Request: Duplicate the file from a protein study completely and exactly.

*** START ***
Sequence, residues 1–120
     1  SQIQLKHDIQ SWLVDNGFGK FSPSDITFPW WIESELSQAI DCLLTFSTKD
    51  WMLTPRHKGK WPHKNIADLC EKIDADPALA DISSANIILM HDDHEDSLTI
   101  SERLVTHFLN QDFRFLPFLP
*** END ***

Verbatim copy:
Sequence, residues 1–120
     1  SQIQLKHDIQ SWLVDNGFGK FSPSDITFPW WIESELSQAI DCLLTFSTKD
    51  WMLTPRHKGK WPHKNIADLC EKIDADPALA DISSANIILM HDDHEDSLTI
   101  SERLVTHFLN QDFRFLPFLP